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Families with Migrant Background: A Historical Study on the “Turkish Families” in Germany from the 1970s to the 1990s

  • Journal of Humanities
  • 2015, (58), pp.271-303
  • Publisher : Institute for Humanities
  • Research Area : Humanities > Other Humanities
  • Received : July 21, 2015
  • Accepted : August 6, 2015

Jung Yong Suk 1

1대구대학교

Accredited

ABSTRACT

This study deals with the immigrant families in Germany. Since the 1970s, families of foreign origins have represented a not-insignificant force in reproductive behavioral changes in West Germany. The Sixth Family Report (2000) defined the Federal Republic of Germany as a de facto modern country of immigration from a social and cultural perspective. The report focused especially on families of Turkish origin because of their large number and their uniqueness. They were known to preserve traditional ideas about the community life, gender roles, and specific ethnic or religious orientation, passing them onto their children. There are strict customs among this cultural minority, especially directed at Turkish women. In a migrant family, the order of migration influences a balance of power among family members – especially between spouses. A large proportion of Turkish women came to Germany first in order to marry and had problems in terms of adaptation. This is due not only to their traditional values or the lack of language skills, but also to their isolated way of life in the so-called “Turkey town,” where there is limited opportunity for interaction with the neighboring German society. These women have fixed roles as housewives with a large number of children. The employment rate of Turkish women as a whole in the Federal Republic was very low. Young Turkish women are grossly under-represented in the apprenticeship market. By the early 1990s, this ratio had “normalized,” but a mismatch still existed.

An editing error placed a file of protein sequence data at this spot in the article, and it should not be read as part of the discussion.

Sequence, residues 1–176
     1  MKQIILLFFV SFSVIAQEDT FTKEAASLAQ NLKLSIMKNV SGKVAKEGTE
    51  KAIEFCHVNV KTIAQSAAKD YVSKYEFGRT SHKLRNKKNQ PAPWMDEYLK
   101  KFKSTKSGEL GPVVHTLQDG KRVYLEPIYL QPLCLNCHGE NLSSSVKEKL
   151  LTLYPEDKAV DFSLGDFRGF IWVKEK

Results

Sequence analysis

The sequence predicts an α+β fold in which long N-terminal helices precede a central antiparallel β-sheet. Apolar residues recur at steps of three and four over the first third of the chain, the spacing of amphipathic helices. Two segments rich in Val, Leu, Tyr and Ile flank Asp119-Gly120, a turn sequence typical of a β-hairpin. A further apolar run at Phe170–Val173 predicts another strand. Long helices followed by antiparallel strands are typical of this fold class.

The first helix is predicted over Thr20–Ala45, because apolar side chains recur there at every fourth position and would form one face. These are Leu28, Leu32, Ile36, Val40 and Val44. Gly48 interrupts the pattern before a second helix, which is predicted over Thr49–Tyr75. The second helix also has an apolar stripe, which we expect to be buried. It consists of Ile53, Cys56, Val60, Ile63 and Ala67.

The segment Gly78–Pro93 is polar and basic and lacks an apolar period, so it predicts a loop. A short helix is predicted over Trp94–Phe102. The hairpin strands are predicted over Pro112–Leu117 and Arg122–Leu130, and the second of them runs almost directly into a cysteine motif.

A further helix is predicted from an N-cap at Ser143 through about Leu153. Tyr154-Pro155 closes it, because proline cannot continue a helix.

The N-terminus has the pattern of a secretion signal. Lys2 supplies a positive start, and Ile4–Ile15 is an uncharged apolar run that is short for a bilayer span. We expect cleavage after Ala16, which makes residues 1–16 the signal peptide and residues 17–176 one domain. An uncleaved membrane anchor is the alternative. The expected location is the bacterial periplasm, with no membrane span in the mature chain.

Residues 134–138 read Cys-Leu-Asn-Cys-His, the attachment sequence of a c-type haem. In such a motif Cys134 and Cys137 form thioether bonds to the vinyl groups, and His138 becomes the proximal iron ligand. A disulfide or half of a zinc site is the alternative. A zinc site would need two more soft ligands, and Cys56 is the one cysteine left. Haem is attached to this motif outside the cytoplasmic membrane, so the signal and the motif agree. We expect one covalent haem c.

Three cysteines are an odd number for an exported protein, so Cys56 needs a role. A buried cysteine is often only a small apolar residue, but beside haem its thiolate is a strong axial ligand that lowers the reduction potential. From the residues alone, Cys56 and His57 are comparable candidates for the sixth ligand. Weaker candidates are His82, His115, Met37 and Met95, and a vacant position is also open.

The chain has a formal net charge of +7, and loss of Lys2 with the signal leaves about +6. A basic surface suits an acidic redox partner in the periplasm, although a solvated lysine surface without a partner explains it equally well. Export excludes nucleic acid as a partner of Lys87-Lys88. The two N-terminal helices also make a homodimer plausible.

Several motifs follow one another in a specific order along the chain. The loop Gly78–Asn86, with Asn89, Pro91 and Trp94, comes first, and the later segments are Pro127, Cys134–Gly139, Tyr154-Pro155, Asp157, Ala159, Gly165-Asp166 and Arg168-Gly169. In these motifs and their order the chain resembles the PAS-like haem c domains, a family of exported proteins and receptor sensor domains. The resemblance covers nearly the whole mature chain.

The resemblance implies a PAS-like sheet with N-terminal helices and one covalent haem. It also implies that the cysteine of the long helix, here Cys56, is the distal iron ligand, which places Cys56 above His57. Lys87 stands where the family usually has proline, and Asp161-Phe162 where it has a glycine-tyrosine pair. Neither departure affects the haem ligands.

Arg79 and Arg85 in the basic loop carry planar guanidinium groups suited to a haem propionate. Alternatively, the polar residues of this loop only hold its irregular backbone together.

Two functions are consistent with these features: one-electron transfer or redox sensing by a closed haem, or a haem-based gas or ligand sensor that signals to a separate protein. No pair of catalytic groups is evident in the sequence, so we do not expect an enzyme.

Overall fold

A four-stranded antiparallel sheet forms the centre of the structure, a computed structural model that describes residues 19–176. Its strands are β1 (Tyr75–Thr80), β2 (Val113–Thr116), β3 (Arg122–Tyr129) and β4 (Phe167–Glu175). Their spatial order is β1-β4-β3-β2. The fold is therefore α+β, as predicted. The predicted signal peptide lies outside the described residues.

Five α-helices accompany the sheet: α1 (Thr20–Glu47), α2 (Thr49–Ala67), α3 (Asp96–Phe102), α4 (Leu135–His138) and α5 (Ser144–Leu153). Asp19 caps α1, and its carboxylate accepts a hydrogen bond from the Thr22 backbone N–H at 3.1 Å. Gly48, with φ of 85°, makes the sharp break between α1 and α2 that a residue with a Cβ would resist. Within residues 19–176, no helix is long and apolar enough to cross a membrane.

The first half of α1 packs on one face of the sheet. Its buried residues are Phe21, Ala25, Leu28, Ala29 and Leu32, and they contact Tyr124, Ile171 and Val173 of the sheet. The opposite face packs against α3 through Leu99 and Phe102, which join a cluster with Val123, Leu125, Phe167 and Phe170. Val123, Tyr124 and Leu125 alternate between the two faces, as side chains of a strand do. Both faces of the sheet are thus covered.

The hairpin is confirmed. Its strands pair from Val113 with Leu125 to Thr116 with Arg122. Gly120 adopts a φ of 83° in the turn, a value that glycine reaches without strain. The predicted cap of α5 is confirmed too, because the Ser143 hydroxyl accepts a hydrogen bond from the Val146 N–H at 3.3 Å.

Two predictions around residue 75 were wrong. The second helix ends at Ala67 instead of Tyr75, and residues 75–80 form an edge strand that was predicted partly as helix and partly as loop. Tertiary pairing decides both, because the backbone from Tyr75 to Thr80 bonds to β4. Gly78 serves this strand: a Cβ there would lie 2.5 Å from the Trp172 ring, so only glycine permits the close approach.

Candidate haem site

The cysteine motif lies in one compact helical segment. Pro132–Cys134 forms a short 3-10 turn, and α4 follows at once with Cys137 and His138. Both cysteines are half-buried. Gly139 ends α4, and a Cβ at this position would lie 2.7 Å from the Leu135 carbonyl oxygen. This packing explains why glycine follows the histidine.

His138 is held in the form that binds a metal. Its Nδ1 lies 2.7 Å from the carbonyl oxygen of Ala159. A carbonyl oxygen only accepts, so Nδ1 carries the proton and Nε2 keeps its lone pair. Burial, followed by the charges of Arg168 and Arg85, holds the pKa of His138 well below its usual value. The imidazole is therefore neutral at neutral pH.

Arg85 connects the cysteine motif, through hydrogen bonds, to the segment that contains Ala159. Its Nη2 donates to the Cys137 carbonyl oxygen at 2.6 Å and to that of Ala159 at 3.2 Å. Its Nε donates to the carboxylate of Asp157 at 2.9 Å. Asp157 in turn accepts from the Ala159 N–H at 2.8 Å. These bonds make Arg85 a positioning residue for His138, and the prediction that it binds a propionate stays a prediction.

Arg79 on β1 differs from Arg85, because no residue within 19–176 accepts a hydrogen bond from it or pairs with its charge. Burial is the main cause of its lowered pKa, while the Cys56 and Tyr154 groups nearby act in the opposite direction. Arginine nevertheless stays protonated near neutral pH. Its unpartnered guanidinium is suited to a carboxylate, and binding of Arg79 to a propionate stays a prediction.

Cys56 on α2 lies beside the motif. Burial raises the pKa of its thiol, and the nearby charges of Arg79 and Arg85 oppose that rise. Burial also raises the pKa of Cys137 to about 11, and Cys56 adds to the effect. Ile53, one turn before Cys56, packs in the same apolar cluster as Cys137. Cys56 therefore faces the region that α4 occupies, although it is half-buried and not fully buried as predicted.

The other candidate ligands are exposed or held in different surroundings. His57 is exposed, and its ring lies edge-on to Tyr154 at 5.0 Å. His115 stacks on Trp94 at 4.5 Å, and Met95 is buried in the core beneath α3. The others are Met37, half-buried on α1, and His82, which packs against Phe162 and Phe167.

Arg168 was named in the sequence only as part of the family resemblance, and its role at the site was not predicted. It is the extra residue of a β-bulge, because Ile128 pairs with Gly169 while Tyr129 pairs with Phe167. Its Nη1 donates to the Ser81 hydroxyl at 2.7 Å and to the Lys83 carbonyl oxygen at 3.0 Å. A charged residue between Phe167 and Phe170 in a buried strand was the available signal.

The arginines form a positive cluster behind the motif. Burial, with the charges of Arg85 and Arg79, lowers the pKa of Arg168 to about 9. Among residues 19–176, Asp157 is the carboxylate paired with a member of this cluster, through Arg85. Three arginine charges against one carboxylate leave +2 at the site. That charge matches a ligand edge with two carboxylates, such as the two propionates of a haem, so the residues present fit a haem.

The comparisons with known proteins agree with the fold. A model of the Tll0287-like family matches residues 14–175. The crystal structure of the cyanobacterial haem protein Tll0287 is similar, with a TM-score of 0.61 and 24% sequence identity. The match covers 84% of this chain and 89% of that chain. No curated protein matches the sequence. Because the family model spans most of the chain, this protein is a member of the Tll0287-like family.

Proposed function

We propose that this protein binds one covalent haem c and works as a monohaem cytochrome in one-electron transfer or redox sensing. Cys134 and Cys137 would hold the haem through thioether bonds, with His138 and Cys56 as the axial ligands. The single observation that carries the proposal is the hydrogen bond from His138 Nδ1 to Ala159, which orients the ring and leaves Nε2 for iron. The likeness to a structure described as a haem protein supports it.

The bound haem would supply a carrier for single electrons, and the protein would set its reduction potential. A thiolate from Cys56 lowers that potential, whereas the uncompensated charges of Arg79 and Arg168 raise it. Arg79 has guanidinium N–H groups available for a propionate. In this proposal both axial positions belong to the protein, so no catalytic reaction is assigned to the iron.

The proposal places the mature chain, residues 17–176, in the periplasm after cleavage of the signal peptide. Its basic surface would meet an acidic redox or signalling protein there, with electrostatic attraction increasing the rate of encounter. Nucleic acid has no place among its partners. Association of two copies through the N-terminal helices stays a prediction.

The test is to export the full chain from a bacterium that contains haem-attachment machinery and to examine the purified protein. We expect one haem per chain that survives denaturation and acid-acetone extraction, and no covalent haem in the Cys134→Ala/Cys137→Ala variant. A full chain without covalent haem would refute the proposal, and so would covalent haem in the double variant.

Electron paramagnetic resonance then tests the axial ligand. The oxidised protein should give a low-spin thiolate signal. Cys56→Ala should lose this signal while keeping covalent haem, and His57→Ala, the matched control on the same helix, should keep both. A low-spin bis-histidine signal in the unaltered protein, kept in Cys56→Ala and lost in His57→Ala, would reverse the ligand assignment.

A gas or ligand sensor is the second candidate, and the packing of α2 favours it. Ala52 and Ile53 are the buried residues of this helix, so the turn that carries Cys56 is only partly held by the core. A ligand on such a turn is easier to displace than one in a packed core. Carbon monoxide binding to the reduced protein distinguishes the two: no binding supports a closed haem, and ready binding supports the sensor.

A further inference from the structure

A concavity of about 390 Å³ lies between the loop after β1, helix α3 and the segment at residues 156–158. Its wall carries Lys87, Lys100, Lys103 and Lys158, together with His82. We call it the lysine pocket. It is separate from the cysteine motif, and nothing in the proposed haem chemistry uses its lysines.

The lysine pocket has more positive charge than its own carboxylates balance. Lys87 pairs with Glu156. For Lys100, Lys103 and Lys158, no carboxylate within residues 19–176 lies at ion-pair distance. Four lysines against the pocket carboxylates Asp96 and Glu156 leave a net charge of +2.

Citation status

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This paper was written with support from the National Research Foundation of Korea.